Drums have been a part of human society since before historical records were kept. Though there have been many developments in technology and materials in recent years, most drum heads are made out of one or two materials. While most historical drum heads were made from animal skins, two companies changed all of this by using plastics to produce their drum heads.
Historically, drum heads were made from dried, stretched animal skins. This was the common practice up until the 1950s.
Chick Evans developed the first plastic drum head in 1956. Plastic drum heads are cheaper, more durable and less sensitive to changes in weather than drum heads made from animal skins.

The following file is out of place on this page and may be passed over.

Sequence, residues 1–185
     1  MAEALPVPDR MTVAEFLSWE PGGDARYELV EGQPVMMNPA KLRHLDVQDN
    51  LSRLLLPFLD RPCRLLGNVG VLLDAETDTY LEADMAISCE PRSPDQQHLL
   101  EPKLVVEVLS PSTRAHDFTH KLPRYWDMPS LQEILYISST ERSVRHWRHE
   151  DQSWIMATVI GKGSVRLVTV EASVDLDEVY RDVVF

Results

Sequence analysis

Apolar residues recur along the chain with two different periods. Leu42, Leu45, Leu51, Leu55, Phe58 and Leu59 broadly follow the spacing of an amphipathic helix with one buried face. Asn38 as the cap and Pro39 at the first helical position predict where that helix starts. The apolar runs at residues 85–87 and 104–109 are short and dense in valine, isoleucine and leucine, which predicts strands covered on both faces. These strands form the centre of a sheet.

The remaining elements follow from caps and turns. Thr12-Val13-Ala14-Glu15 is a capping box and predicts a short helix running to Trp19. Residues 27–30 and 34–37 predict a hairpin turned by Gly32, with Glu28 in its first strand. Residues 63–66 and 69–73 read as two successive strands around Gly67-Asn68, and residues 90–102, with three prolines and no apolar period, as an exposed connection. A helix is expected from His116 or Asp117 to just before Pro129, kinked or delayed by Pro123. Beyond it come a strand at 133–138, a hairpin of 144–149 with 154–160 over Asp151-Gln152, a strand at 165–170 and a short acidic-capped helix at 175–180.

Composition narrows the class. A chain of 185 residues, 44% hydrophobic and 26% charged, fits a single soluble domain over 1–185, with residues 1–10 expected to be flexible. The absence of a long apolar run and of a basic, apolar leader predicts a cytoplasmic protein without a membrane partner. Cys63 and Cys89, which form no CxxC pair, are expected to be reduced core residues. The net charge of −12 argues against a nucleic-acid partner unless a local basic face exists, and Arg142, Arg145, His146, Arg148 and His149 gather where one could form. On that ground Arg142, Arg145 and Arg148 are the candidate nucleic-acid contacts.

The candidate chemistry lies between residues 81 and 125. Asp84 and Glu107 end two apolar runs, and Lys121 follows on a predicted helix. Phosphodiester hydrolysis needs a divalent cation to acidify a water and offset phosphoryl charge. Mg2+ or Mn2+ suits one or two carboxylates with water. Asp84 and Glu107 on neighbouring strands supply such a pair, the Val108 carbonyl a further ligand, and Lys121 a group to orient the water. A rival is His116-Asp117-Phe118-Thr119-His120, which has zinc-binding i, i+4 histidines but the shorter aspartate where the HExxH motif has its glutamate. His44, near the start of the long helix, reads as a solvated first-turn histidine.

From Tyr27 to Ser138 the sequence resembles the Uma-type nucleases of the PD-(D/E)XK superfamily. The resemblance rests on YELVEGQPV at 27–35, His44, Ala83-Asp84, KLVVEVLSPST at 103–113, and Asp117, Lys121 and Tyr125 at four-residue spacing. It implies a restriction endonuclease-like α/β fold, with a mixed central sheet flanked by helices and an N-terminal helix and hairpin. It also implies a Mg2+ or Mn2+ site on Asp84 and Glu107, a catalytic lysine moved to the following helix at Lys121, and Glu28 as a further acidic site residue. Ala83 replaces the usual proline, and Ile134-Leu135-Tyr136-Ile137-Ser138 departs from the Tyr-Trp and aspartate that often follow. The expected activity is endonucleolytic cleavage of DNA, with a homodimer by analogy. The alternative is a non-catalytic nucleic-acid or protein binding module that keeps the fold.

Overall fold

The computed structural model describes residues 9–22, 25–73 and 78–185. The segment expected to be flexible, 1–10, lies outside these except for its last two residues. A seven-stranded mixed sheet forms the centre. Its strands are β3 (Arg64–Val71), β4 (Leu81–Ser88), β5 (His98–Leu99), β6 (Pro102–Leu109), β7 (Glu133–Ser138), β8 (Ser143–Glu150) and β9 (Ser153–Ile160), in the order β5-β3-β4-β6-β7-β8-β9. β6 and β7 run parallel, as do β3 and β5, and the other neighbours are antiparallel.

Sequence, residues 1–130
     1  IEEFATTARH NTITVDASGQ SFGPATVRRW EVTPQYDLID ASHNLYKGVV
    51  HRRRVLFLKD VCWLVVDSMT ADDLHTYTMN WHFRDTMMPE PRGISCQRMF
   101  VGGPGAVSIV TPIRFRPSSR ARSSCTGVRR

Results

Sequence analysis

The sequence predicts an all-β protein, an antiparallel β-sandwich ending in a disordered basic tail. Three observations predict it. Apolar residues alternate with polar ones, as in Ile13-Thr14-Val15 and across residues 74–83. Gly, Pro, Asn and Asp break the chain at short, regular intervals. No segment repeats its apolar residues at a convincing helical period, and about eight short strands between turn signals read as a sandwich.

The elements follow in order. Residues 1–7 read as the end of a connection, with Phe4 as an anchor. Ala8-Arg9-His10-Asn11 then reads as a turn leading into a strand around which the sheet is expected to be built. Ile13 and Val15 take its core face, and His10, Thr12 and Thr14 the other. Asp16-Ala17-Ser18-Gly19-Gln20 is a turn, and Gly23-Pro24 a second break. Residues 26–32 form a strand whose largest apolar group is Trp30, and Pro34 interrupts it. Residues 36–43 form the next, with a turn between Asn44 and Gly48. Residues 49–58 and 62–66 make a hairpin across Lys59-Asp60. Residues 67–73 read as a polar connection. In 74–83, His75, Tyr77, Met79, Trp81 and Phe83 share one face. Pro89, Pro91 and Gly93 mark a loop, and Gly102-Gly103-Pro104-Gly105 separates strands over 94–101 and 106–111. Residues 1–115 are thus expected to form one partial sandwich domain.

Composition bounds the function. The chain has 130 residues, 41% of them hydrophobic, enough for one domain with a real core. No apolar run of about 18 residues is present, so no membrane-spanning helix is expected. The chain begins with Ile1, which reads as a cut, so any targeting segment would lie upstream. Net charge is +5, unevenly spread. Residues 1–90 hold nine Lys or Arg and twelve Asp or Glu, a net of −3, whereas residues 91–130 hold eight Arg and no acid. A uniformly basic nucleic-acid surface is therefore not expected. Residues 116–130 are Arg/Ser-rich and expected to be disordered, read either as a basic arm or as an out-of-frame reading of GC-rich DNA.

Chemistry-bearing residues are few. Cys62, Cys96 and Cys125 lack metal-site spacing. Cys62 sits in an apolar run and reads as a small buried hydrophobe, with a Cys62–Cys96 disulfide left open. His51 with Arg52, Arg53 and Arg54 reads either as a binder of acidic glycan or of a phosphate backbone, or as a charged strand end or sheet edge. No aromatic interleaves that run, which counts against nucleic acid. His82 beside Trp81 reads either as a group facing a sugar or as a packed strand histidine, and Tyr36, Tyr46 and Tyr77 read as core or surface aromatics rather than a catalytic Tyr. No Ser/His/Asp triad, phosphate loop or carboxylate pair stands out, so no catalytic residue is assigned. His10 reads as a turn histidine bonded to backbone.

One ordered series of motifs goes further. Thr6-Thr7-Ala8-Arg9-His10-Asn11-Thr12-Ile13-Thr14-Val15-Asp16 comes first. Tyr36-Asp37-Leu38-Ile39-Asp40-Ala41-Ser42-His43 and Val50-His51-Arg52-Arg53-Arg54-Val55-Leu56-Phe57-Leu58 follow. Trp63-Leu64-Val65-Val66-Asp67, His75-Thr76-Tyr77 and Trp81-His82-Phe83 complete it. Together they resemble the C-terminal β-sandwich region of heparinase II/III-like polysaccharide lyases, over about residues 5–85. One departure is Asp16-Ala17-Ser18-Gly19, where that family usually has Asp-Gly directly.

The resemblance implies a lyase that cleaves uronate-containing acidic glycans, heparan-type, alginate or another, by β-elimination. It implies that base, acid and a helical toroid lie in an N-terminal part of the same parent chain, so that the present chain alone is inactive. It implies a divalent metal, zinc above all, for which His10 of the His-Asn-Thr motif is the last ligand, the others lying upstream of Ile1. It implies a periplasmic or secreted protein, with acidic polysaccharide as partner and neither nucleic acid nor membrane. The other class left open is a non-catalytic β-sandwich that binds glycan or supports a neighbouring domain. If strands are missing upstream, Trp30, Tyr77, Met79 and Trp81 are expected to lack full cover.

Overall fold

The Remo Drum Company first produced drum heads made of mylar, a type of plastic, in 1957. This has become an industry standard material for the making of drum heads.
Drum heads made of aramid fibers such as kevlar are sometimes used on marching band drums, mostly because of their durability and strength.
Drummers in historical ensembles, such as fife and drum groups, often prefer to use animal skins in order to properly emulate the sounds of the historical instruments they use.
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